MS Patients Have Higher Burden of Mental Disorders, French Study Finds
The study, “Prevalence of mental disorders is higher in patients with multiple sclerosis than in the general population or in patients with rheumatoid arthritis in France,” was published in the Multiple Sclerosis Journal – Experimental, Translational and Clinical.
Mental disorders have been reported to occur more often in MS patients. They can have an impact on several factors in an MS patient’s life, including increasing the risk of disability progression, lowering quality of life, and affecting the ability to adhere to treatment, including disease-modifying therapies (DMTs). But few studies have addressed the issue of mental disorders in MS patients specifically in the French population.
To address this, a group of researchers in France assessed the prevalence of mental disorders in MS patients compared with healthy people used as controls and people with rheumatoid arthritis (RA).
The prevalence of mental disorders was analyzed using randomly selected population data from the National Inter-Scheme Information System on Health Insurance from 2011 to 2015.
For each MS patient, up to five healthy controls and one RA patient from the general population were included.
An initial analysis compared 1,145 MS patients (median age of 50 years) with 5,725 age-matched healthy controls. In a second analysis, 878 MS patients (median age of 54 years) were matched by age to 878 RA patients.
Of the MS patients, 1,006, or 87%, were considered to have long-term MS, with a mean duration of 10 to 11 years, according to the International Statistical Classification of Diseases and Related Health Problems 10th Revision Version. Roughly half of the patients, or 548, received treatment with at least one DMT over the study period.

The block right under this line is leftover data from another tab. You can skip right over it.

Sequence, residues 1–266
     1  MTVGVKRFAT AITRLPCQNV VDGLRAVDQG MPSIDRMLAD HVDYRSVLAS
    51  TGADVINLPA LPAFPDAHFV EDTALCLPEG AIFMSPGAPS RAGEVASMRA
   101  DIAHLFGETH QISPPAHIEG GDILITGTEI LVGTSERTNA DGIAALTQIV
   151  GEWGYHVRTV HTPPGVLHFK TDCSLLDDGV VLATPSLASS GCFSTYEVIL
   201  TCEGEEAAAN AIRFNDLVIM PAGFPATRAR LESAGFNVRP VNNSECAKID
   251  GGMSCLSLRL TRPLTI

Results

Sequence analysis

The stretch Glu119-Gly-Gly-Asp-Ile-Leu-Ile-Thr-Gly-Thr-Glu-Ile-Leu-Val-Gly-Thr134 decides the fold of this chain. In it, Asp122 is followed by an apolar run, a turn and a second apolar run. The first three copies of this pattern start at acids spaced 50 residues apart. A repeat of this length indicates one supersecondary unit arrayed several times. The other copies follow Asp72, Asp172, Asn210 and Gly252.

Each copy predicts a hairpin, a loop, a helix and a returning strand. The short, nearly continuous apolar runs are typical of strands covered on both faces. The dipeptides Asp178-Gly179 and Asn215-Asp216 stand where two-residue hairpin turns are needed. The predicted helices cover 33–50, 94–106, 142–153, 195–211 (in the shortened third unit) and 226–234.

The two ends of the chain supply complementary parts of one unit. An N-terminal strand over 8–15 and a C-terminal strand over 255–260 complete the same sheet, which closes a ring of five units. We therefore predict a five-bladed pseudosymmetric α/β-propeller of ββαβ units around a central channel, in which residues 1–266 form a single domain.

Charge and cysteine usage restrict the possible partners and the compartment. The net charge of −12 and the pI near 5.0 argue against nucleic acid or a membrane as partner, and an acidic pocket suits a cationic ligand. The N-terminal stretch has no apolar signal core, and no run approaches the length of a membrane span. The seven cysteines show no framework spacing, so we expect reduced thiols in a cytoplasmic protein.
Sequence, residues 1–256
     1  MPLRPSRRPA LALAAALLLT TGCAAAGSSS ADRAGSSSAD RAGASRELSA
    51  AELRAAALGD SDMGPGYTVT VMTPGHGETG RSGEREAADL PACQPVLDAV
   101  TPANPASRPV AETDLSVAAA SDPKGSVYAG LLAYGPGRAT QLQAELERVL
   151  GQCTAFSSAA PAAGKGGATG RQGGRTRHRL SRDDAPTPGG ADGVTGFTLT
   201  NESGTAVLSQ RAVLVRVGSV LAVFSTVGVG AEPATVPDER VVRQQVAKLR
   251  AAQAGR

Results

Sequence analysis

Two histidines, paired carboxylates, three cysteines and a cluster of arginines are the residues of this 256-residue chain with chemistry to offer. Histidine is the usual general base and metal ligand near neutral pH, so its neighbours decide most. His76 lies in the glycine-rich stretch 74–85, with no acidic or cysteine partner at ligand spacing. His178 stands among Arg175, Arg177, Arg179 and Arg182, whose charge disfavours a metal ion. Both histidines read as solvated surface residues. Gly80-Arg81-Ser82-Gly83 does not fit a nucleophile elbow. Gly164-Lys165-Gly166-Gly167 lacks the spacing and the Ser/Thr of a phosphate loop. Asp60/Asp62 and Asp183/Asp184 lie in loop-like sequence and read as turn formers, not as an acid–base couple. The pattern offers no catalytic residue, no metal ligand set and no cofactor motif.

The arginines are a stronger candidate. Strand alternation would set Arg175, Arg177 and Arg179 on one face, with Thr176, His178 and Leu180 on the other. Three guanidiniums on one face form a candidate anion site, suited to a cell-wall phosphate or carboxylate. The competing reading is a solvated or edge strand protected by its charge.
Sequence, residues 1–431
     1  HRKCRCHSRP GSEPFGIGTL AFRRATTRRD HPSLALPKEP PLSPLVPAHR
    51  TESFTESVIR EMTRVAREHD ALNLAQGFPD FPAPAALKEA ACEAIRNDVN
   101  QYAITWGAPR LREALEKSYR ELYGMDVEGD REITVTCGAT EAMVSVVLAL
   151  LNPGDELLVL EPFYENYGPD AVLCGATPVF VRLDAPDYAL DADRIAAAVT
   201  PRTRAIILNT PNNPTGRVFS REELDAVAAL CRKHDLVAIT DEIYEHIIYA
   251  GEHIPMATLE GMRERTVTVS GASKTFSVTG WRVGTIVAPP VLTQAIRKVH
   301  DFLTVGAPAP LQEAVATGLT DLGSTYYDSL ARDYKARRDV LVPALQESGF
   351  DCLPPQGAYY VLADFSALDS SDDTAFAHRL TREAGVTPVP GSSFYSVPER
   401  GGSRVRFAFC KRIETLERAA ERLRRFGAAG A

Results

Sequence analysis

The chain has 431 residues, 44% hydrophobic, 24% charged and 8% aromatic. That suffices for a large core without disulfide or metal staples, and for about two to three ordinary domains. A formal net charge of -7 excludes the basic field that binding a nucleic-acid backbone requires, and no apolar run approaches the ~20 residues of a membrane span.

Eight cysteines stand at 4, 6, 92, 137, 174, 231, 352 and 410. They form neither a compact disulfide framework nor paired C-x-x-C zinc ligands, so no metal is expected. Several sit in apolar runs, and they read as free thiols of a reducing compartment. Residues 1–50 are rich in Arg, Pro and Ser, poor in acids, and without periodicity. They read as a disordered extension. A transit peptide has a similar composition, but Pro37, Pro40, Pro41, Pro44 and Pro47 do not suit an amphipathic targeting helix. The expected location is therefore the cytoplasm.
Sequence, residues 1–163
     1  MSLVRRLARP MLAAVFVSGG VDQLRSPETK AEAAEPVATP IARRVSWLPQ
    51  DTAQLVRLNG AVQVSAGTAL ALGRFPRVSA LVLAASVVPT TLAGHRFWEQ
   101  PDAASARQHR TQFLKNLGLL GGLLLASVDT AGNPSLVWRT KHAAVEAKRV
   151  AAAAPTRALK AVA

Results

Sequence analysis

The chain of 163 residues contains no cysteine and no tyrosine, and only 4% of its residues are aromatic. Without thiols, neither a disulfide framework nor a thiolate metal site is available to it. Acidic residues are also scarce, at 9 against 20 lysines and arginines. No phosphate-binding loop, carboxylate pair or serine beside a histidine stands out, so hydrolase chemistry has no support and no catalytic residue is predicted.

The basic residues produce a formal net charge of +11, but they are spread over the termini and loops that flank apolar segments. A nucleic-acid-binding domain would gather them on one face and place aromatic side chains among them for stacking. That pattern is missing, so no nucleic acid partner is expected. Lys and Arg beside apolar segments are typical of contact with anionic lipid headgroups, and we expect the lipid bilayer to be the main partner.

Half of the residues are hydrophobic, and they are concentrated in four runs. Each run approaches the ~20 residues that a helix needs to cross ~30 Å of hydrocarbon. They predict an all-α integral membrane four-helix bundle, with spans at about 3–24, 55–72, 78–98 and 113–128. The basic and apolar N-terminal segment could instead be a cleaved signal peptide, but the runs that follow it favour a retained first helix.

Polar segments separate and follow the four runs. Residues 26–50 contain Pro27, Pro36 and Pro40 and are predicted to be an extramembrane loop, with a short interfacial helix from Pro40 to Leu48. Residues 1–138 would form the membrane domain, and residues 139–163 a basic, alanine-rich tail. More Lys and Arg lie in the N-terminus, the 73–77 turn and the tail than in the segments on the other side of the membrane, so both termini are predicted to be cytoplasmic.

The prevalence of mental disorders was 2.7 times higher among MS patients than healthy controls — 37.3% vs. 13.6% — a statistically significant difference. The prevalence was also higher than in RA patients but to a lesser extent — 41.1% vs 21.1%, or 1.95 times higher.
Mental disorders had a median duration of eight years in MS patients, seven years in healthy controls, and 5.5 years for RA patients. MS patients also were admitted to the hospital due to mental disorders significantly more often than healthy controls, 9.8% vs. 3.1%, and for longer, a median stay of 5.5 days vs. 3.2 days. Similar results were seen when compared with RA patients.
Mood disorders were the most frequent diagnosis across all three groups.
Medicines prescribed to treat mental disorders, such as anti-epileptics, antidepressants or antipsychotics, were the most common factor for identifying people with these conditions, with MS patients more often prescribed these type of medicines (33%) than healthy controls (11.7%) or RA patients (18.5%).
The number of medicines given per patient did not differ between the three groups. A general practitioner was the most common prescriber — in approximately 77% of all cases — but in MS patients, 13% of the prescriptions were from a neurologist. Psychiatrists were the second most common prescriber of these medicines, with 20% prescribing to healthy controls, 15% to patients with RA, and 5% to MS patients.
General practitioner consultations were higher for MS patients than healthy controls, a median of 25 versus 19, but even higher for RA vs. MS patients, a median of 30 versus 26.
When accounting for gender, men had a higher prevalence of mental disorders than women, a phenomenon seen across all three groups. In terms of age, MS patients 40 years old or younger had higher rates of mental disorders than healthy controls. A higher prevalence was also seen among MS patients older than 60 compared with RA patients.
Overall, the findings suggest that “MS patients are at a higher risk of [mental disorders] than the French general population or RA patients,” the researchers wrote.
“The management of [mental disorders] for MS patients is therefore of high importance and should be systematically screened in order to reduce the consequences of such comorbidities in the management of MS,” they concluded.